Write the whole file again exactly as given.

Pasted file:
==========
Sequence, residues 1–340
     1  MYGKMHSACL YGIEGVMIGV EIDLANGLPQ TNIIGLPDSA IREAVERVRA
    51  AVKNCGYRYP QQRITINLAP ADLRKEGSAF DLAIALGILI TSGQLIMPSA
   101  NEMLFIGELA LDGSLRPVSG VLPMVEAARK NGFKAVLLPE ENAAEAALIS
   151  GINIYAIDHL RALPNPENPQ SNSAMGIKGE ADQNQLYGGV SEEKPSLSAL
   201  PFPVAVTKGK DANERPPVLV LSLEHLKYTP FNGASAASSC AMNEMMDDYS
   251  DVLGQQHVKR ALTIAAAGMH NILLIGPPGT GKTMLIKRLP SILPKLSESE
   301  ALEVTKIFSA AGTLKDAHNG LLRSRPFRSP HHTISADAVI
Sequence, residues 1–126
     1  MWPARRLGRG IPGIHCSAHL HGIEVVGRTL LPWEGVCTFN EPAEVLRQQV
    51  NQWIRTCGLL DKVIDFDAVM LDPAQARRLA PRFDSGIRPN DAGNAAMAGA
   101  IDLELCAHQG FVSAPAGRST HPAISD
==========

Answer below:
Sequence, residues 1–340
     1  MYGKMHSACL YGIEGVMIGV EIDLANGLPQ TNIIGLPDSA IREAVERVRA
    51  AVKNCGYRYP QQRITINLAP ADLRKEGSAF DLAIALGILI TSGQLIMPSA
   101  NEMLFIGELA LDGSLRPVSG VLPMVEAARK NGFKAVLLPE ENAAEAALIS
   151  GINIYAIDHL RALPNPENPQ SNSAMGIKGE ADQNQLYGGV SEEKPSLSAL
   201  PFPVAVTKGK DANERPPVLV LSLEHLKYTP FNGASAASSC AMNEMMDDYS
   251  DVLGQQHVKR ALTIAAAGMH NILLIGPPGT GKTMLIKRLP SILPKLSESE
   301  ALEVTKIFSA AGTLKDAHNG LLRSRPFRSP HHTISADAVI
Sequence, residues 1–126
     1  MWPARRLGRG IPGIHCSAHL HGIEVVGRTL LPWEGVCTFN EPAEVLRQQV
    51  NQWIRTCGLL DKVIDFDAVM LDPAQARRLA PRFDSGIRPN DAGNAAMAGA
   101  IDLELCAHQG FVSAPAGRST HPAISD